Title 



Optimal supersaturated designs
 
Author 



 
Abstract 



We consider screening experiments where an investigator wishes to study many factors using fewer observations. Our focus is on experiments with twolevel factors and a main effects model with intercept. Since the number of parameters is larger than the number of observations, traditional methods of inference and design are unavailable. In 1959, Box suggested the use of supersaturated designs and in 1962, Booth and Cox introduced measures for efficiency of these designs including E(s(2)), which is the average of squares of the offdiagonal entries of the information matrix, ignoring the intercept. For a design to be E(s(2))optimal, the main effect of every factor must be orthogonal to the intercept (factors are balanced), and among all designs that satisfy this condition, it should minimize E(s(2)). This is a natural approach since it identifies the most nearly orthogonal design, and orthogonal designs enjoy many desirable properties including efficient parameter estimation. Factor balance in an E(s(2))optimal design has the consequence that the intercept is the most precisely estimated parameter. We introduce and study UE(s(2))optimality, which is essentially the same as E(s(2))optimality, except that we do not insist on factor balance. We also provide a method of construction. We introduce a second criterion from a traditional design optimality theory viewpoint. We use minimization of bias as our estimation criterion, and minimization of the variance of the minimum bias estimator as the design optimality criterion. Using Doptimality as the specific design optimality criterion, we introduce Doptimal supersaturated designs. We show that Doptimal supersaturated designs can be constructed from Doptimal chemical balance weighing designs obtained by Galil and Kiefer (1980, 1982), Cheng (1980) and other authors. It turns out that, except when the number of observations and the number of factors are in a certain range, an UE(s(2))optimal design is also a Doptimal supersaturated design. Moreover, these designs have an interesting connection to Bayes optimal designs. When the prior variance is large enough, a Doptimal supersaturated design is Bayes Doptimal and when the prior variance is small enough, an UE(s(2))optimal design is Bayes Doptimal. While E(s(2))optimal designs yield precise intercept estimates, our study indicates that UE(s(2))optimal designs generally produce more efficient estimates for the main effects of the factors. Based on theoretical properties and the study of examples, we recommend UE(s(2))optimal designs for screening experiments.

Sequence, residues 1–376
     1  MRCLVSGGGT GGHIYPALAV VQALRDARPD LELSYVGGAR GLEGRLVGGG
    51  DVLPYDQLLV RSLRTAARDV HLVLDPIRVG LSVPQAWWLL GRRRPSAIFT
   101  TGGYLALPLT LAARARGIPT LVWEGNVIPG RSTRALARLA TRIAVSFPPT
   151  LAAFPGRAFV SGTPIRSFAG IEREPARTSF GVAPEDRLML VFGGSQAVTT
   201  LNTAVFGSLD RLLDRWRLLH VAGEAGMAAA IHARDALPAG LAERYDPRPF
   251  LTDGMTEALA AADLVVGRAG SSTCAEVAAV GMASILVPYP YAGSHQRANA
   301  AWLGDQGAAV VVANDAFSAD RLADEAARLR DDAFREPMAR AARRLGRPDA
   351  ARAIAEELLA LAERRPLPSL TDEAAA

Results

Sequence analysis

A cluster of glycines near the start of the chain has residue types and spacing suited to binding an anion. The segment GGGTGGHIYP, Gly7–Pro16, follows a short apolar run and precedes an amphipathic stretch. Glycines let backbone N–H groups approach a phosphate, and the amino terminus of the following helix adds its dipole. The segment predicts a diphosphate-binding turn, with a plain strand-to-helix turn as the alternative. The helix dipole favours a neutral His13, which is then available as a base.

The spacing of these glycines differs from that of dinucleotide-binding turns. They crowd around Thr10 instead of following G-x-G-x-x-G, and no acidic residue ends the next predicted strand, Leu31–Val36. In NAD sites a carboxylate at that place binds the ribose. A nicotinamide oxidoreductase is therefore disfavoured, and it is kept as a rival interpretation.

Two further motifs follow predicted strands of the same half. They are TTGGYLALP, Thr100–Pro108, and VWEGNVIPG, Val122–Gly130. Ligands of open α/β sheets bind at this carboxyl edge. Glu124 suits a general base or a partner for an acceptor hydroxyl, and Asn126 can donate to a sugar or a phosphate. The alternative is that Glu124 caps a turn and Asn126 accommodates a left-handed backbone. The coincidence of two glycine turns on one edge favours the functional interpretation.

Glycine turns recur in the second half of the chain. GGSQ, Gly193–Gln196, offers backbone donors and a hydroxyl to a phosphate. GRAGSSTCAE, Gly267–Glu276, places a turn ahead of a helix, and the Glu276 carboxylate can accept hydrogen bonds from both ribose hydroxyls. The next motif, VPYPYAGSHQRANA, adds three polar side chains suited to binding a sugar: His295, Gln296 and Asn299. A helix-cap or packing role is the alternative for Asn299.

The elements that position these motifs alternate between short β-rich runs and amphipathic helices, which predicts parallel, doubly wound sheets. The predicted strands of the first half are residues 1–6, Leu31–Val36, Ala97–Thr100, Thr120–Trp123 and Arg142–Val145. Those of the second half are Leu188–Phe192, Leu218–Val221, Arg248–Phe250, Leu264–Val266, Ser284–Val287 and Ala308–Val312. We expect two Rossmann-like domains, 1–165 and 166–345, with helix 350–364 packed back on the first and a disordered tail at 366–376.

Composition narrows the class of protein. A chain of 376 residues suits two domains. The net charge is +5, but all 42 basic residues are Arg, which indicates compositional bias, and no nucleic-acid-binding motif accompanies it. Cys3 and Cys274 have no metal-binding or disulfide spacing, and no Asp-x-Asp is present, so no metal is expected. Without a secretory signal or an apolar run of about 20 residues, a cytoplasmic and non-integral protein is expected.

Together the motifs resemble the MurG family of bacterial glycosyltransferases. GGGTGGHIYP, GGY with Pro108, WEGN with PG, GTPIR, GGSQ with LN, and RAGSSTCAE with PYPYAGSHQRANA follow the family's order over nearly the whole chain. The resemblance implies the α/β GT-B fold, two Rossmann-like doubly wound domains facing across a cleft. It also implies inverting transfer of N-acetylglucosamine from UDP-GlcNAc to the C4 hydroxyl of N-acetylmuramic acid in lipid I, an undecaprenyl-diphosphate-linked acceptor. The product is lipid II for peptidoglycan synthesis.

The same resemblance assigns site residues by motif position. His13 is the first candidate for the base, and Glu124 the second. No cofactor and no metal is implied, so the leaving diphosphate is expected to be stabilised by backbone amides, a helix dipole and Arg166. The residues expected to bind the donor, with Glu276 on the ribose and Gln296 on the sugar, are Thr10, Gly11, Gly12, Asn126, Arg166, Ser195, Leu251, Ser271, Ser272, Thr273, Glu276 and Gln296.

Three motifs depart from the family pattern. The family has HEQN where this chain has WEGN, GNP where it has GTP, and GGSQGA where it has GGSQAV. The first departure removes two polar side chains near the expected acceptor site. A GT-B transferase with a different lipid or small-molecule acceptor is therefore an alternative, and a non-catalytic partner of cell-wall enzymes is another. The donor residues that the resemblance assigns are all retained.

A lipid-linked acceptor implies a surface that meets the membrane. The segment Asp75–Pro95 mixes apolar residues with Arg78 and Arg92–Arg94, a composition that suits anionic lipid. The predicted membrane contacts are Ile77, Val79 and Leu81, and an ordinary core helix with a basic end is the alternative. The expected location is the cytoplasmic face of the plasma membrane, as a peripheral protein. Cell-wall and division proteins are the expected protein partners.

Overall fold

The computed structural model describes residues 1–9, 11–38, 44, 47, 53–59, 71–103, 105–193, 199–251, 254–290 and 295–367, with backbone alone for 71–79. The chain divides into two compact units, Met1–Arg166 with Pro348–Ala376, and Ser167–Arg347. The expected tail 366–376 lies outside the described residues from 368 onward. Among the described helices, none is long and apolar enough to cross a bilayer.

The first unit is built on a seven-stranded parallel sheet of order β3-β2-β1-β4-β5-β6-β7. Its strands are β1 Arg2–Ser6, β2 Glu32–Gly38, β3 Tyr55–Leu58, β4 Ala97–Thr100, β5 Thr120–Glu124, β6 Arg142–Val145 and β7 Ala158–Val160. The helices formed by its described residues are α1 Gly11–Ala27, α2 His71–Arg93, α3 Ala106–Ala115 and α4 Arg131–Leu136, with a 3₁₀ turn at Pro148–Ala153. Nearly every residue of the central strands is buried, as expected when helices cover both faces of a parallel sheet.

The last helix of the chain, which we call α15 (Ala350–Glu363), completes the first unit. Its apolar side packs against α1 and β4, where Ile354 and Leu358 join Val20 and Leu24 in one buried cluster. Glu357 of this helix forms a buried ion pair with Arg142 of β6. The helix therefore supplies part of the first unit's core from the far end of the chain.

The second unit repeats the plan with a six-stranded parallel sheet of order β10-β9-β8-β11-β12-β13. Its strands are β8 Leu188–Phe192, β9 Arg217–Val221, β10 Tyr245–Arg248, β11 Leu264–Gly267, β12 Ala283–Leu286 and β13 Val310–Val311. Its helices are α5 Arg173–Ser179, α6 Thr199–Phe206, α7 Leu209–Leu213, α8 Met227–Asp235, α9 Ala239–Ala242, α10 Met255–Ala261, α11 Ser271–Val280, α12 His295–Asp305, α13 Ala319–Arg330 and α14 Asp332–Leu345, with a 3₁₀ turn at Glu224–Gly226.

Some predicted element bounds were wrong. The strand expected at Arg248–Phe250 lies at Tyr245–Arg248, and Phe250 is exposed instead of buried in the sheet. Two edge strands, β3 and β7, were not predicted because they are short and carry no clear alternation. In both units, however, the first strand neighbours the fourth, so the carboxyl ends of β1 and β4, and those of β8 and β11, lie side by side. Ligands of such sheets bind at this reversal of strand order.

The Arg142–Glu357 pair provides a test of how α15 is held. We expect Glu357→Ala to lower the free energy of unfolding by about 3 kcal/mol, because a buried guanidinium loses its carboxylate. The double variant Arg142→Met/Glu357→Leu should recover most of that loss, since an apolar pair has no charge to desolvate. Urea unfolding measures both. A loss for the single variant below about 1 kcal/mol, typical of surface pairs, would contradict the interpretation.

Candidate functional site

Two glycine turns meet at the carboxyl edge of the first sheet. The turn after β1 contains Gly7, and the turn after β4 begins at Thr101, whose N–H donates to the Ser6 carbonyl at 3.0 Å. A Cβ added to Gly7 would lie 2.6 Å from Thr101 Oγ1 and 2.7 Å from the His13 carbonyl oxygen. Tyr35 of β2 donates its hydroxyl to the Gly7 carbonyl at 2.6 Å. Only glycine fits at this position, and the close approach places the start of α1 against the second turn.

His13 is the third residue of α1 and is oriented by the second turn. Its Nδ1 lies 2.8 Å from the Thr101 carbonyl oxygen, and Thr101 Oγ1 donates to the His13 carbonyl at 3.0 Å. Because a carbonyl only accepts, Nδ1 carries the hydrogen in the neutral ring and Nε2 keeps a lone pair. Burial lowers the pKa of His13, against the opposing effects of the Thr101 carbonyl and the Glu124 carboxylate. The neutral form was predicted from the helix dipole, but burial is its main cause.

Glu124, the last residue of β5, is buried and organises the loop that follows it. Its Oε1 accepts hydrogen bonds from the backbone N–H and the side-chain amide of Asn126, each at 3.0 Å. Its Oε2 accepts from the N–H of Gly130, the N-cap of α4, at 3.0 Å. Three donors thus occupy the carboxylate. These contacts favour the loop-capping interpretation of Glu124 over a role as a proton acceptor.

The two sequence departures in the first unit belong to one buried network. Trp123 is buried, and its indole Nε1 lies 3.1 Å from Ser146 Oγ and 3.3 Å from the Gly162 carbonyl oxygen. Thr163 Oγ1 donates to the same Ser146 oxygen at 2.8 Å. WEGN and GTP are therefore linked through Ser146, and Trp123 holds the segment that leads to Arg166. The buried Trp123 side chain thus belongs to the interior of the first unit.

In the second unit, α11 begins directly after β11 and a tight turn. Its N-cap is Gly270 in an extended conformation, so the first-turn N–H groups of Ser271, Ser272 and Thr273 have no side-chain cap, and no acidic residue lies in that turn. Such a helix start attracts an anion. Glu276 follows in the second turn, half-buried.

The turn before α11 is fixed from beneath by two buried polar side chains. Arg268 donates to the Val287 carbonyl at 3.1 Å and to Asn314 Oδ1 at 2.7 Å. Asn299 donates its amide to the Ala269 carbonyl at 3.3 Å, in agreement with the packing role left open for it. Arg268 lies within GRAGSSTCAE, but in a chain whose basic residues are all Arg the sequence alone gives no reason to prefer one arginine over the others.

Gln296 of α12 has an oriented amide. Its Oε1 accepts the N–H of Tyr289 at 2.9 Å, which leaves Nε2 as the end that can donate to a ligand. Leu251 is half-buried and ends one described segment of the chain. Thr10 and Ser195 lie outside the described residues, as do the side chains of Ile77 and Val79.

Language 



English
 
Source (journal) 



Journal of the American Statistical Association.  Washington, D.C.  
Publication 



Washington, D.C. : 2014
 
ISSN 



01621459
 
Volume/pages 



109:508(2014), p. 15921600
 
ISI 



000346797000021
 
Full text (Publishers DOI)